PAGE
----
I’m not much of a gamer. My parents never bought me a gaming system when I was a kid and to be honest, I wasn’t that interested. “Let’s play dolls!” I’d say to my friends when it was a choice between Barbies and Gameboys. Yet, I couldn’t help but notice the rise of Animal Crossing: New Horizons this summer – and the vitiligo avatar that appeared in the game this summer.
Avatars allow for character customization in video games
Most video games offer some sort of character customization – a way to create your own avatar. In Animal Crossing, you can be anything from a badass adventurer to an adorable islander playing host to a variety of equally adorable animals. This trend spans beyond video games. Since 2018, Apple has allowed iPhone users to create emojis that look like users. Earlier this year, Facebook also added the option to create your own avatar.
I downloaded the mobile version of Animal Crossing – called Pocket Camp – this summer, and got to work living in a world where my only problem was how to decorate my virtual campsite. It’s part of the appeal of Animal Crossing – a simple, cute game where you can customize your world and help your in-game animal friends with never-ending tasks.
Animal Crossing’s vitiligo avatar allows me to authentically customize a character
As with most games, the first step was creating and customizing my alter ego. Here’s where I ran into trouble. I think of my most identifiable features as my braided hair, brown skin and vitiligo. Yet I only had the option to recreate one of those features. I knew mine would never quite look like me.
So when a mockup of an Animal Crossing character with vitiligo popped up in a Venus ad on my newsfeed last week, of course I had to click on it. Yes, Venus, the company that makes hair removal products. As part of their “my skin, my way” campaign, Venus commissioned graphic designer Nicole Cuddihy to create the Skinclusive Summer Line, a collection of 19 “skin representations” available in all of the skin tones offered in New Horizons. Venus also included a lookbook showcasing each representation along with the design code needed to recreate them in your own game and quick facts – called “skinsider knowledge” – about the condition.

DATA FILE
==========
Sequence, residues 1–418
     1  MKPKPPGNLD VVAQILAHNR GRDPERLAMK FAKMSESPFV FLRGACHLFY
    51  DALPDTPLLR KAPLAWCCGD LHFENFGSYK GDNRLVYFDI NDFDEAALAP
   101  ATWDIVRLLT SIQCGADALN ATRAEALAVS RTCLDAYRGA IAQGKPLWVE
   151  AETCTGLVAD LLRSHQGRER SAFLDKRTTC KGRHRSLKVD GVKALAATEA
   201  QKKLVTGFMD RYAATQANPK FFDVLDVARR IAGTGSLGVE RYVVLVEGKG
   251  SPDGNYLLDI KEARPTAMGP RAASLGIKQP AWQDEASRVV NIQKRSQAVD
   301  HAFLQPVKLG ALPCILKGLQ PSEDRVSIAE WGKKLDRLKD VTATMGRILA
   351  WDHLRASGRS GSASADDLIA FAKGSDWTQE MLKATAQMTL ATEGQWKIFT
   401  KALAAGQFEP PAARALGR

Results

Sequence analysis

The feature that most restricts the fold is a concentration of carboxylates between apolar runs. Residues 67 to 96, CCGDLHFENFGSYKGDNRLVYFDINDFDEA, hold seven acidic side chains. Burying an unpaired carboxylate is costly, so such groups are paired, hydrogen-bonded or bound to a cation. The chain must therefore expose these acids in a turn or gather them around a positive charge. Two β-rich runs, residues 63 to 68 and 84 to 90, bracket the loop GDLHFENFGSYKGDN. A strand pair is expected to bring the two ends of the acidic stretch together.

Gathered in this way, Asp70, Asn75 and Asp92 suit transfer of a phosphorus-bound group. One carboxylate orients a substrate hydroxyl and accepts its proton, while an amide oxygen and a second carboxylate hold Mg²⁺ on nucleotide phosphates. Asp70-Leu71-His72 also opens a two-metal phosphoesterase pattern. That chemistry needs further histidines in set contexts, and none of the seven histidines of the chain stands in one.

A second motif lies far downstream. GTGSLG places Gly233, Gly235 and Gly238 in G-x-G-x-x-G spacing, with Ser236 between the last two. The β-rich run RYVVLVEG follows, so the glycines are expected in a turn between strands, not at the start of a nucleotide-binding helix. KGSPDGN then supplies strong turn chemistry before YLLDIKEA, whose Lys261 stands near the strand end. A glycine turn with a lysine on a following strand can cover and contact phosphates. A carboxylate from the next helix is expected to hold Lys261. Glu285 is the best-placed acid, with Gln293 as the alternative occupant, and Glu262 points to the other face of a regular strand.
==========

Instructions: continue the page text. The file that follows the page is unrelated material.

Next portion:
It wasn’t only the visual that caught my attention, or the little summer-ready outfits each character wore – it was the wording surrounding each design and the fact that their imperfections had been made into a positive feature. Each outfit shows off their unique features, with names like Vitiligo Vibe (a bikini with sheer cover up showing off her spots), Fierce Freckles (an off the shoulder top leaving plenty of room for her freckles to be seen), Cesarean Chic (a crop top featuring a c-section scar) and En Vogue Eczema (a minidress with eczema on her legs).
After doing a bit of quick research, I saw that Fallout 4 made headlines a few years ago for its vitiligo avatar, but it was the only video game I could find that included the option to create a character with vitiligo as part of the built-in design. I hope in the future, we’ll see more and more avatars that include the option for vitiligo or give you customizable character design options, so I can create custom designs. Maybe we’ll even see vitiligo emojis.
Guest Contributor: Makalah Moore is a writer based in Massachusetts who has lived with vitiligo for sixteen years. In her free time she enjoys reading, photography and spending time with friends and family. Find her on instagram @the.moore.you.know .
Living Dappled is a blog for girls and by girls with vitiligo - and that means that guest and contributing bloggers are a big part of our voice within the vitiligo community. To submit a blog for consideration, use the "Contribute" form found at the bottom of our website.